Quirke - Whiskey Lake (Serpent River)

CanadaOntarioNorth Channel
Submitter & Author Information
Route submitted by: 
Brad Jennings
Trip Date : 
July 2016
Additional Route Information
Distance: 
64 km
Duration: 
4 days
Loop Trip: 
Yes
Portage Information
No. of portages: 
20
Total Portage Distance: 
3425 m
Longest Portage: 
600 m
Difficulty Ratings
River Travel: 
Advanced
Lake Travel: 
Novice
Portaging: 
Difficult
Remoteness: 
Novice
Background Trip Info
Water Levels: 
Medium
Route Description
Access to Put-In Information: 

Access is off Stanrock Rd near Popeye Lake.
Alt Access is where the Panal Mine Rd crosses the Serprent River - If you use this access you will have to run or portage 400m around a set of rapids flowing into Quirke 

Technical Guide: 

This loop is part of the longer Serpent River canoe route
As of 2016, parts of this route are in poor condition. Recomended only for experienced canoeists 
 

Trip Journal/Log/Report/Diary: 

The map has the portage conditions listed. For anything other than a good or excellent trail you should expect some obstacles. The destroyed trails are almost impossible to find/follow, i.e. you'll be bushwhacking (and the forest is not to friendly)... thankfully, the 'portages' are short.

I did the route in 2.5 days... given the current condition of the route this is not reccomended... I was pushing hard each day.

MAP
https://drive.google.com/file/d/0Bw8ROnsdW_XwOWdNQXZMRkUtdVE/view

There are rapids on the Serpent, up to CII Tech. You may run, line, wade or bushwhack around them. There are minimal portages. There is one on the first set out of Quirke, which was really rocky and too technical for me to run solo with a double blade. It is RL and I cleared/flagged the trail. The next portage is around a small falls. 15m on RR through the cedars. I cut a nice swath through. The final portage is ~600m out of Nook Lake. The take out is RR by an old, overturned blue boat. Don't run the river here as it quickly becomes too boney and littered with sweepers. The trail is in decent shape. I flagged much of it, except it gets confusing in the final 200m as it descends through an open Sugar Maple forest. Great to portage through as it is open, but the trail is swallowed up by tiny saplings. I put up some sporadic flagging tape, but you'll likely find your own route. Aim for a swampy area which leads to a beach as a defined trail is there. There's some nice old growth in here!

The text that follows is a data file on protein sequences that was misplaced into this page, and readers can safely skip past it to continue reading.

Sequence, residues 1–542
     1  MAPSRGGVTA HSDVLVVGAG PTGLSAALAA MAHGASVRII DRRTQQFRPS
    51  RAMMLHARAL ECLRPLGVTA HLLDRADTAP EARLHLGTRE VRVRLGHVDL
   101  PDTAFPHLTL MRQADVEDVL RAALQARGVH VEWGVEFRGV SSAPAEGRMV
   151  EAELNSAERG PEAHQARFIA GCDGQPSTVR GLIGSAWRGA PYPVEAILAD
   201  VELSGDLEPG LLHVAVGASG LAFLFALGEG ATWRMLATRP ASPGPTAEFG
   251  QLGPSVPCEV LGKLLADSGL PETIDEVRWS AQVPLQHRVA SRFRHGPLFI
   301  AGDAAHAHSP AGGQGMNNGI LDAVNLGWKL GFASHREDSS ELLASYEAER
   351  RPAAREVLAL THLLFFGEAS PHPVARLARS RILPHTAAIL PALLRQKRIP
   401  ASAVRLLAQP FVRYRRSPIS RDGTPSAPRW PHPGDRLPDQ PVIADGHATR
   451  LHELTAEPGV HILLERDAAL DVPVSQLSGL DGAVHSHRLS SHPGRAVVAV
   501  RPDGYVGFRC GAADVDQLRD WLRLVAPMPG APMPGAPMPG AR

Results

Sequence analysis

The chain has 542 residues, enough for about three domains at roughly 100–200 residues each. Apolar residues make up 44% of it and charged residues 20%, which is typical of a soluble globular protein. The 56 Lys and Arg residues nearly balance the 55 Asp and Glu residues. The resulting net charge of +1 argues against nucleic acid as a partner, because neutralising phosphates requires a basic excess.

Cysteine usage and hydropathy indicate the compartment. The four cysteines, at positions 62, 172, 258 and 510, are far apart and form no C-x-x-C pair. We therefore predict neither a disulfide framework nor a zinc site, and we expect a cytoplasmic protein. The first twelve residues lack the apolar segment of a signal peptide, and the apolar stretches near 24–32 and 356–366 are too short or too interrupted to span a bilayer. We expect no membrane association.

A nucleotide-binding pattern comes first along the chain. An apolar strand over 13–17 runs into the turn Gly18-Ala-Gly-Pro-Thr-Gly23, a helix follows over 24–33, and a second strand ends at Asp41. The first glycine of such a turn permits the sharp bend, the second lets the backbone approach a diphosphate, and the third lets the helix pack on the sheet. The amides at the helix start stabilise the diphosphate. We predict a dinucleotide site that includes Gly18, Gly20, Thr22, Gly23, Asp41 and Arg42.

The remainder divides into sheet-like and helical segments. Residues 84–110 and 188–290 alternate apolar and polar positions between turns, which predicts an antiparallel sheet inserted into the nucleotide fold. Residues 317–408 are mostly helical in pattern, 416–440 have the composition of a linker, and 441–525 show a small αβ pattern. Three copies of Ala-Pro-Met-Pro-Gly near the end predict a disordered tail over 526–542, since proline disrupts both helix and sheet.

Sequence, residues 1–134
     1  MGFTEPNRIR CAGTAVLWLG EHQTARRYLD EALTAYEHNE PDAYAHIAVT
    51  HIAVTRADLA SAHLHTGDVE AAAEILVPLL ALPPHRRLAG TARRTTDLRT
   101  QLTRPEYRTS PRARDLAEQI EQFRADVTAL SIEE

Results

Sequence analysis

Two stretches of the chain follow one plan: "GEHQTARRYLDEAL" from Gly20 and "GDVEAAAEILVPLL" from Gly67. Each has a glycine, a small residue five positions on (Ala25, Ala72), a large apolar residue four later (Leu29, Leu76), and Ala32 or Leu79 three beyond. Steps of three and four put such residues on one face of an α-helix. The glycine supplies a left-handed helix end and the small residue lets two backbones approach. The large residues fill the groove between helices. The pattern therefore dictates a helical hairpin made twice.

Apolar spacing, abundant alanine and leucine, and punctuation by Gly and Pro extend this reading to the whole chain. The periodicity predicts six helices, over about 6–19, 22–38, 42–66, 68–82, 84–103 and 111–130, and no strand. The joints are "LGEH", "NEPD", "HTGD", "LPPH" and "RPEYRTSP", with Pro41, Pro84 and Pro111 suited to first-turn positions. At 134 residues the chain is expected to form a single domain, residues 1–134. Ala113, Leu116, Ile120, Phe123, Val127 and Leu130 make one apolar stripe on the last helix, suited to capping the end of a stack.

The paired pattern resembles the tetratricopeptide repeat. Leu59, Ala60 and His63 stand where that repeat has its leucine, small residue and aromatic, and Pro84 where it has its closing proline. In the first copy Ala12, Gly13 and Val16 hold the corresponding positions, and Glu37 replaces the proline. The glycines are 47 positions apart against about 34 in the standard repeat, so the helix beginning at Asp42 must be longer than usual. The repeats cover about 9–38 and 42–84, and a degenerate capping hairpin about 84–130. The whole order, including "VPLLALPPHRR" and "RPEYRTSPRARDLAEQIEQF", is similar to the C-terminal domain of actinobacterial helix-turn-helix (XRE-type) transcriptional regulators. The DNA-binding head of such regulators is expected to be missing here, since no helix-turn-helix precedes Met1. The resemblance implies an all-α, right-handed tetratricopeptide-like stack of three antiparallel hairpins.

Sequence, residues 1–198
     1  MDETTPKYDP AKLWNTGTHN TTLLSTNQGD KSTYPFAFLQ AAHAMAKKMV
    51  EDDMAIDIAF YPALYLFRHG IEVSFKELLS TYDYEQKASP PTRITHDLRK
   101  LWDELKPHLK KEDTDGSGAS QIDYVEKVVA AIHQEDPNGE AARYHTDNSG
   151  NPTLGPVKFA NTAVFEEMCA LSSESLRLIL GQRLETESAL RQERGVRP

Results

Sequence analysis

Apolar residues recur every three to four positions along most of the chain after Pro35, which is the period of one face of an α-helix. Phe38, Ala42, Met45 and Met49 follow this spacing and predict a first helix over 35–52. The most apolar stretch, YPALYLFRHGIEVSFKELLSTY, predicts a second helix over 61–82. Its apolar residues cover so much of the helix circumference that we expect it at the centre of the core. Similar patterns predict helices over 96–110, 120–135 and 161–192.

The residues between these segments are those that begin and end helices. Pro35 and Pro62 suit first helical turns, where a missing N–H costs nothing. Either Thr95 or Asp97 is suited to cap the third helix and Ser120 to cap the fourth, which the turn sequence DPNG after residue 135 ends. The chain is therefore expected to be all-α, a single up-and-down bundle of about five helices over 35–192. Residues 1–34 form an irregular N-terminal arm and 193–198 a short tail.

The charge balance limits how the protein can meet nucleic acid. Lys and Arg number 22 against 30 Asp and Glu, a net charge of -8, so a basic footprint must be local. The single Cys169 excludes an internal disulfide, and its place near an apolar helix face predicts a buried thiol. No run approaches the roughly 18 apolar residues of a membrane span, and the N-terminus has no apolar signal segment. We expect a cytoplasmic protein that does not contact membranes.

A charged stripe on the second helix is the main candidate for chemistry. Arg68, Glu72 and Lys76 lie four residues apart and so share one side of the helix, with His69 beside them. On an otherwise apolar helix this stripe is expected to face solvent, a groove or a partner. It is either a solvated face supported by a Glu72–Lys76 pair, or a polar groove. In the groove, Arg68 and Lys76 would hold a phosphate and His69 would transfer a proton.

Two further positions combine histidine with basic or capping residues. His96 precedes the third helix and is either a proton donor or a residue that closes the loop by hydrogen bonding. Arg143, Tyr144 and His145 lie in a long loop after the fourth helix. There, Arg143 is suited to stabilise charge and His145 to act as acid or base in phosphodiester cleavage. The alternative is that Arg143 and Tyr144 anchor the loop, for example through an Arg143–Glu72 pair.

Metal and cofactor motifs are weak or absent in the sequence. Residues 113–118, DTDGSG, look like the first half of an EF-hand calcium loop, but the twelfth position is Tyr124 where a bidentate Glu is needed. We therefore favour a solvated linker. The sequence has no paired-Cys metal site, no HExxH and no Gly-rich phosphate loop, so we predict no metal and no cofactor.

The portage from Bear to Whiskey is good. It's on RR before the river bends around and flows over the falls. Don't use the cabin's ATV trails. The trail is kind of obstructed by a cedar tree, but it heads up a steep ridge (near some cached boats) and then descends. At one point you will intersect with the ATV trail, bear left towards the lake. Easy peasy. There are some cottages on Whiskey, but much of the lake is undeveloped, especially in the south. Minimal campsites here, through there are plenty of small points you could easily pitch a tent on. There is one large beach site on Campbell Island which is quite nice, but you're close to the cottages. The site on the southern end is really an ATV turnaround point.... suitable, but I'd choose the beach! Of course, there are a few more beaches around that you could check out, I didn't have the time.